I'm really into counting calories right now, trying to maintain a 40/30/30 @ 2000 calories/day.  I'm always short with protein.  I'm glad you found a good bar, I know how bad they can taste.   However, I never really saw much point to eating those bars - 32g protein with 29g carbs (of which is probably mostly sugar).?.?.  A skinless chicken breast has 53g protein, 6g fat and 0 (zero) carbs; it's cheaper too (especially if you carve it yourself).  Another great source is canned tuna.  If I'm in need of more protein, I'll drink a protein powder shake - they taste really really good with minimal fat/carbs...My 2 cents. BTW, GQ lawyer, what kind of law do you practice?
post #8 of 12
Thread Starter 
I specialize in intellectual property, entertainment law (in the music business), and commercial litigation.
post #9 of 12
Renault78law - I agree with you, a protein shake is usually a better option with more protein and almost no carbs. However, I take the bars when I'm going to be out and about and it would be impossible to mix a shake or eat a chicken breast. The benefit to the bars is that they are easily transportable which is important when you're trying to take in protein every 3-4 hours. Bradford
post #10 of 12
I agree that Detour is the best. Strive bars by biochem are also very good, I like the Mixed Berry flavor. It's like a yogurt-covered rice krispy treat. 190 calories, 20g protein, 9g fat (6 sat), 24g carb (3 net impact). They are a little hard to find, I get mine at the 7-Eleven in the lobby of my building. You can order them online at www.bodybuilding.com
post #11 of 12
Quote:
It?s not easy to get proper nutrition with ?natural food? alone. Shakes and bars are convenient and cheap, when compared with a stake dinner.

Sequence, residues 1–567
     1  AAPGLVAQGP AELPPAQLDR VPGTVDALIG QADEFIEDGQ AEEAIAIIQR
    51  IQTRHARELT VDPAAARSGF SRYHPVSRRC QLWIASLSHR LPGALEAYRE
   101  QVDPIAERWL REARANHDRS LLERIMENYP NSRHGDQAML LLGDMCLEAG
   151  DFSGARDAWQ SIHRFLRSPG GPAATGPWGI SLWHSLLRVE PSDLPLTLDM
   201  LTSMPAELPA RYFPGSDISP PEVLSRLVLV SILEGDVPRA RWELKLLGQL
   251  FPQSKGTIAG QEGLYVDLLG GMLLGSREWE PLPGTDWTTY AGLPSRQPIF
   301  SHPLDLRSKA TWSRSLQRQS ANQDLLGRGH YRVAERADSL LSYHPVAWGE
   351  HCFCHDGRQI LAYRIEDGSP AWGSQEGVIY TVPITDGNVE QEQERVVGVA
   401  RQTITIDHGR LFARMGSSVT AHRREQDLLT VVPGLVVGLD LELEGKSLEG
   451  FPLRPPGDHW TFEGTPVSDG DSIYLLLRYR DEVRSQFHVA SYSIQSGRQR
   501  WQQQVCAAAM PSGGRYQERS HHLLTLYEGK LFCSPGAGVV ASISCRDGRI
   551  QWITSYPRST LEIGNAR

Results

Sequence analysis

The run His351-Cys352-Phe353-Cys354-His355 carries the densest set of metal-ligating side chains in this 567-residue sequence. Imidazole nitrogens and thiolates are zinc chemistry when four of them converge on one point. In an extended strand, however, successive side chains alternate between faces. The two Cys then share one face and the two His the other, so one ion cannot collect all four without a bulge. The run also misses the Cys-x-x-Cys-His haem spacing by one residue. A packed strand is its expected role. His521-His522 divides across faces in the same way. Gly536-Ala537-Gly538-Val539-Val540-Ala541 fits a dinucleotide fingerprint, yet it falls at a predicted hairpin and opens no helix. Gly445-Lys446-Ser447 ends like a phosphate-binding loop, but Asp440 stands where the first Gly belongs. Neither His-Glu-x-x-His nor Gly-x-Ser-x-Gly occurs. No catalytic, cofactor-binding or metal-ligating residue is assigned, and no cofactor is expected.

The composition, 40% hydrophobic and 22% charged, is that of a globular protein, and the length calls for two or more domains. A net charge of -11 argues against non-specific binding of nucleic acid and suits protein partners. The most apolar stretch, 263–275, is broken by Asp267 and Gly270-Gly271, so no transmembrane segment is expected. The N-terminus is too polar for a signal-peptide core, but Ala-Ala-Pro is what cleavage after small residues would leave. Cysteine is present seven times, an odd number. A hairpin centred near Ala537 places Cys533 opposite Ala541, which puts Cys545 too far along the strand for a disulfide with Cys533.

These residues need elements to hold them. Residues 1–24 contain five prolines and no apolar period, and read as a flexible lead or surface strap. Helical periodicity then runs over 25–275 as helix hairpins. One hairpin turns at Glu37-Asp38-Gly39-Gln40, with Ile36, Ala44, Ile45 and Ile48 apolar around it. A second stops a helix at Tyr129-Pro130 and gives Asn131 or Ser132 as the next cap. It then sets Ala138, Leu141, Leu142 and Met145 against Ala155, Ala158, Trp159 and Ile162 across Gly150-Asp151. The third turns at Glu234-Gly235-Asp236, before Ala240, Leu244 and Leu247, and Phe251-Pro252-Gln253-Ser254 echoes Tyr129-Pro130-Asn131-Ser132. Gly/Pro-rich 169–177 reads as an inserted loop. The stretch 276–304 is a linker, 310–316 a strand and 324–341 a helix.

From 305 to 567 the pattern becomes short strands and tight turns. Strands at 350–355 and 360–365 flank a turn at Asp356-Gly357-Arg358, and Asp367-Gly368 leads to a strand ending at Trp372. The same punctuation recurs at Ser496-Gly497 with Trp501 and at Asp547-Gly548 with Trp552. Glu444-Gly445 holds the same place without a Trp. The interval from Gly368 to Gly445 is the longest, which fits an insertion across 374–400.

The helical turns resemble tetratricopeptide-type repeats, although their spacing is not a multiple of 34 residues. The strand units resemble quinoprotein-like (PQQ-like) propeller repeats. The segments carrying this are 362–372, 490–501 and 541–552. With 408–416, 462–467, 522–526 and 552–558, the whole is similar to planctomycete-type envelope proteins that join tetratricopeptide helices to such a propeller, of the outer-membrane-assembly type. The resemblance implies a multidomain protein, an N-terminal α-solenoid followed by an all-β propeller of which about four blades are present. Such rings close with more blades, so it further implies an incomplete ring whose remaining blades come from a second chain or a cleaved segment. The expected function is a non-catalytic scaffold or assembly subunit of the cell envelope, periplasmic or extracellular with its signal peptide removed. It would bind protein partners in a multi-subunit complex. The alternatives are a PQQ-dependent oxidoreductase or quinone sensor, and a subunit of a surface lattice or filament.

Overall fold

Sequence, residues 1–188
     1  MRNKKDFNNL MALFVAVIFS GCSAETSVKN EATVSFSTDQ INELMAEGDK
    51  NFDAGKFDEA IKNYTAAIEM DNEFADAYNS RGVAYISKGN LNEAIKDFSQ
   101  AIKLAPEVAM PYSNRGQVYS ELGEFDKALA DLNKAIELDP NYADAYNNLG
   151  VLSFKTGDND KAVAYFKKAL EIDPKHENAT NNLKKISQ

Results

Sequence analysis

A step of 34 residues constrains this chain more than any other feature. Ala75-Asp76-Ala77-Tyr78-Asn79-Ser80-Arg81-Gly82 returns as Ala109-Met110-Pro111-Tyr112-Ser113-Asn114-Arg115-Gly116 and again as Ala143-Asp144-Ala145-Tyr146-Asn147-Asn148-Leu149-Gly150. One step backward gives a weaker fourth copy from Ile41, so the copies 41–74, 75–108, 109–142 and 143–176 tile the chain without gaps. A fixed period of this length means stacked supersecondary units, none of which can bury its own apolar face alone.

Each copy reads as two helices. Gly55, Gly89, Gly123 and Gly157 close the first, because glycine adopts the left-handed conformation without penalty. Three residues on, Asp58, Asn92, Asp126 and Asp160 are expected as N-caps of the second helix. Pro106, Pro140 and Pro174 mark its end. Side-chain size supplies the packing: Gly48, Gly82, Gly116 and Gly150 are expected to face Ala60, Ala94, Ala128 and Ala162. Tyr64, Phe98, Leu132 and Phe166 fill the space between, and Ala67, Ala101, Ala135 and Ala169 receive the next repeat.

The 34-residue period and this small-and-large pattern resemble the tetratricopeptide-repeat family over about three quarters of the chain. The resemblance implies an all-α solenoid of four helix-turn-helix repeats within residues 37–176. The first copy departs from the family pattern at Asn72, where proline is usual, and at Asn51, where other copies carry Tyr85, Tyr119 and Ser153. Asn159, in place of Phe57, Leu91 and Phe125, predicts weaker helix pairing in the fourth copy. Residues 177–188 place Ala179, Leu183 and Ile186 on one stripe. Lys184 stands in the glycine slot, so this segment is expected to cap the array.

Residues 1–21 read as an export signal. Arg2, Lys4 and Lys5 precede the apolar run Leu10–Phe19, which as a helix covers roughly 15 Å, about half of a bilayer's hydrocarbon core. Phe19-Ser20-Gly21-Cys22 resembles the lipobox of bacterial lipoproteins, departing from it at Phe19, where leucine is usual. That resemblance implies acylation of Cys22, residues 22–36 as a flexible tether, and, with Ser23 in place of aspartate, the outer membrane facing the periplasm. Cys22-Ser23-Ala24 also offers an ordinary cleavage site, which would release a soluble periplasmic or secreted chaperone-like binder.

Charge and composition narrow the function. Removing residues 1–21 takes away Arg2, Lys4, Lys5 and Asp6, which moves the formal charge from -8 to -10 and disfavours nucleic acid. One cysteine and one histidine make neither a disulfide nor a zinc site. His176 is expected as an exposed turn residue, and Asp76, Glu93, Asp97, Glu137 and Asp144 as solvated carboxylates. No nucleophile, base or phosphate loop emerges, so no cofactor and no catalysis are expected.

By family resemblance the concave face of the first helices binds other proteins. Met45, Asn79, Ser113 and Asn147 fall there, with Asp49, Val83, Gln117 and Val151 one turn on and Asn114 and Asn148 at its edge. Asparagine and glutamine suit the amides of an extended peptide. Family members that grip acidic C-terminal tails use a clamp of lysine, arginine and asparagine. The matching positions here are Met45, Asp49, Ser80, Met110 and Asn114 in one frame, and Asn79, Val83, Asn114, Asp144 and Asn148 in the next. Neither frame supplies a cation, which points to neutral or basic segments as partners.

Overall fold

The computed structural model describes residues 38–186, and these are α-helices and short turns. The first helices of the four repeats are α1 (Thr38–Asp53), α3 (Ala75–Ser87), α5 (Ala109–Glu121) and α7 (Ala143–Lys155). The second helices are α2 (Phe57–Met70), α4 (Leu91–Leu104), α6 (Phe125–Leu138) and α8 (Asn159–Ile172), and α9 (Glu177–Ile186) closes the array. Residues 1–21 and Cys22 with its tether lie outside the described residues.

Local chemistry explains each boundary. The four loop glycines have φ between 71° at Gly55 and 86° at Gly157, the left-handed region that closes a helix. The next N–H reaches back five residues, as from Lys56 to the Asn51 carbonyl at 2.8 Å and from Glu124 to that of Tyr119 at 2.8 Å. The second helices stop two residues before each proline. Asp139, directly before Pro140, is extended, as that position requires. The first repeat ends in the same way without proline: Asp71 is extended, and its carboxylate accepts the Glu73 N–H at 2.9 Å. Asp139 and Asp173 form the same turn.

Of course it's easy to get "proper nutrition" with real food. After all, that's what humanity evolved eating, so by definition that's "proper" for us. One just has to pick what s/he eats with a modicum of sense. Besides, an engineered food type product that's lacking vitamins in their natural context isn't going to result in proper nutrition, either. Maybe I'm being Luddite here, but I see lots of friends eating bars and drinking various powdered shakes and I can't help but worry about the long-term health problems that may result from such an unnatural chemical diet. (When I make a smoothie, I tend to use real -- frozen instead of fresh, but still real -- fruits and yoghurt with perhaps a dab of honey, nothing more or less.) As for the cost/time difference, I think it's overstated. For instance, I often bring a salad to work for lunch. My preferred method of making such a salad is to take a prewashed bag of organic lettuce, add some taste-enhancing stuff (various organic veggies, depending what's in season, but often bell peppers, tomatoes, bell peppers, and mushrooms; often pine nuts, sunflower seeds, pecans, or walnuts; occasionally a can of tuna fish; and almost always pumpkin seed oil and balsamic vinegar as dressing) put it in a closed container, and shake the hell out of it. Total time invested in preparation: about three minutes. Sure, it takes longer to eat than a bar, but it also, um, tastes like food. A chicken breast isn't any more expensive than synthetic food, and at home is easy to cook, just throw it on the ubiquitous George Foreman grill for 5-6 minutes and you're done. Salmon or other types of fish are little more expensive, but usually just as easy to cook. For lunch at work, it's easy to just bring some pre-cooked stuff and microwave it. For steaks, I go to a private butcher who also supplies to the two best steakhouses in town, and pay reasonable prices for absolutely incredible cuts of meat. When I'm feeling lazy, I'll just throw in on the George and enjoy a wonderful piece of meat. I do tend to eat steak at least once a week, although I eat fish much more often. The flip side is that developing a unique cooking style through personal trial-and-error, is, well, it's an incredibly effective chick magnet. Peace, JG